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Re: Incompatible compiler option fexec-charset

From: David Chisnall
Subject: Re: Incompatible compiler option fexec-charset
Date: Wed, 7 Dec 2011 17:01:38 +0000

On 7 Dec 2011, at 16:52, Wolfgang Lux wrote:

>>> In that case I don't understand why you want to add -finput-charset=UTF-8 
>>> to the compiler options. This flag changes the interpretation of the 
>>> *source* file.
>> That's only used while compiling the base library ... because the base 
>> library source is guaranteed to be UTF-8 (as David pointed out, that's the 
>> *sane* way to do things), and we therefore don't want people building the 
>> base library with an environment which would cause string literals in the 
>> source to be interpreted as any other characterset.  At present this is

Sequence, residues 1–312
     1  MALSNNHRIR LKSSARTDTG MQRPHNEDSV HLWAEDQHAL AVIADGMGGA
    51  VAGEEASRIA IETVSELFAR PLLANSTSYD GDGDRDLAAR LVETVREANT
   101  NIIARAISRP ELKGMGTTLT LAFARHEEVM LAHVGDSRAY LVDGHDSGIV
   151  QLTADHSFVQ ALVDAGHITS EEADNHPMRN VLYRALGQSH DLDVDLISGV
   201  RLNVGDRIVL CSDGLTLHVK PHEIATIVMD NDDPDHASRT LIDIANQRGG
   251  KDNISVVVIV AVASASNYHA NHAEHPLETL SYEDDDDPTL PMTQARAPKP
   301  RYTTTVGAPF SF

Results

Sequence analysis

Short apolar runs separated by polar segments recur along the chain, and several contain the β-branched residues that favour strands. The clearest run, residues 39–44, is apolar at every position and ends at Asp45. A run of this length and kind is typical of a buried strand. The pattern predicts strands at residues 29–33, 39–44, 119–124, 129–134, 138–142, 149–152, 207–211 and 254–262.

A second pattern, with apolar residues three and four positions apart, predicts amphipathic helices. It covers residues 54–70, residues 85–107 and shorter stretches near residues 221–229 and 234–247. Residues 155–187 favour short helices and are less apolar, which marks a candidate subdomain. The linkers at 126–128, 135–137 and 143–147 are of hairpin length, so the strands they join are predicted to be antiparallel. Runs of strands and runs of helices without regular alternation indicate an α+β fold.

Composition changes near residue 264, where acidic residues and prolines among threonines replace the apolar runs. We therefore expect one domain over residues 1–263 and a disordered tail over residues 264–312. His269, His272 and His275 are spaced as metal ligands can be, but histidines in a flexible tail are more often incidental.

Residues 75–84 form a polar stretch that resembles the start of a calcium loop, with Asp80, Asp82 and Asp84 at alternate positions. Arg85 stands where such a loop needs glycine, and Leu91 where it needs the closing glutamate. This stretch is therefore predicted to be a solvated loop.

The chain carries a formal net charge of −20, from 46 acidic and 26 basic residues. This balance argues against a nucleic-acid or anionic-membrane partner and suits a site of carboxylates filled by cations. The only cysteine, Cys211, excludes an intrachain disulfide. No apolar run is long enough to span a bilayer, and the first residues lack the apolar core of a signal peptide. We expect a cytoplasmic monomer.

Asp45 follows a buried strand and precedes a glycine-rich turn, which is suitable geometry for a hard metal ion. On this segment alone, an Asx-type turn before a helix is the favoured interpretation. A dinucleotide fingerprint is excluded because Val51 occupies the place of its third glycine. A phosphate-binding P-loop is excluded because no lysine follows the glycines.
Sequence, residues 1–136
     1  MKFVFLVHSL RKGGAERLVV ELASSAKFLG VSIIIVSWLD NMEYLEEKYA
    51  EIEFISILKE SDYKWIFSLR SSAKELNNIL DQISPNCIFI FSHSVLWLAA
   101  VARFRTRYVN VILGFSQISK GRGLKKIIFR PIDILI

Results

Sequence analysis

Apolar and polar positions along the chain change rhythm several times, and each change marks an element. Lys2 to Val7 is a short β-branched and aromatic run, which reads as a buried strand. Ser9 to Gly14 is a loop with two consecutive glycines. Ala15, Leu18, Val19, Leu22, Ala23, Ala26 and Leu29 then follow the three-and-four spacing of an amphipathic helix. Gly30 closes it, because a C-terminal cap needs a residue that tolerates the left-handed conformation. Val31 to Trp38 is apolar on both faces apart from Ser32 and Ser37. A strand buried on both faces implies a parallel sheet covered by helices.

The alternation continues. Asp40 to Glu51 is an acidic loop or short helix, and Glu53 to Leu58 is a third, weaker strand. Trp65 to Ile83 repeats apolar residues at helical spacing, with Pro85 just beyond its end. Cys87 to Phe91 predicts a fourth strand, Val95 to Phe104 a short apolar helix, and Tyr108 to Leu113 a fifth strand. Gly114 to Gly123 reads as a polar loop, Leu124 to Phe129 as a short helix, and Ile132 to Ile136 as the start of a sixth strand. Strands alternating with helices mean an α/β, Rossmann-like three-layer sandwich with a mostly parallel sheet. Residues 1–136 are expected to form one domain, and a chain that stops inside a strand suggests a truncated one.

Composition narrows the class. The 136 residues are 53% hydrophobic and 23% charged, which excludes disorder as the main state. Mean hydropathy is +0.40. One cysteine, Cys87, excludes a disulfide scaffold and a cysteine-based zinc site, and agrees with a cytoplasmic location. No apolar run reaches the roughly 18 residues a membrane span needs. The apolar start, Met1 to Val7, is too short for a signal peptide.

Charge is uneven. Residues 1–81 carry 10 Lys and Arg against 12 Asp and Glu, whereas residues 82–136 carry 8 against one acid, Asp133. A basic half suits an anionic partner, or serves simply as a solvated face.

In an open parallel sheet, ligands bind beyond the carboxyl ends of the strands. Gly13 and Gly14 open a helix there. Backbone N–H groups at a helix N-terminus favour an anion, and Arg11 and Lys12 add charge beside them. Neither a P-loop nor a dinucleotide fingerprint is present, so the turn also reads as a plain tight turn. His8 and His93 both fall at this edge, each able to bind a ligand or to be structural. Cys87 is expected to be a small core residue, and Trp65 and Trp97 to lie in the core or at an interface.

>> unnecessary (as we actually only use ascii literals), but it makes the code 
>> future-proof.
> Okay, that makes sense to me (as I said, I'm sometimes a bit dumb :-)

So what we really want to test is what happens when we compile a source file 
containing a UTF-8 string literal?  In this case testing if strlen("Étoil€") == 
9 should tell you that it's doing the right thing.  Clang does this out of the 
box, as does GCC 4.2.1.

As far as I can tell, no extra options are required for either of the compilers 
that we officially support.

Which brings me back to my original question: what do we gain from this test's 
existence in configure, other than forcing people to add an extra option and 
making cross compilation even harder?


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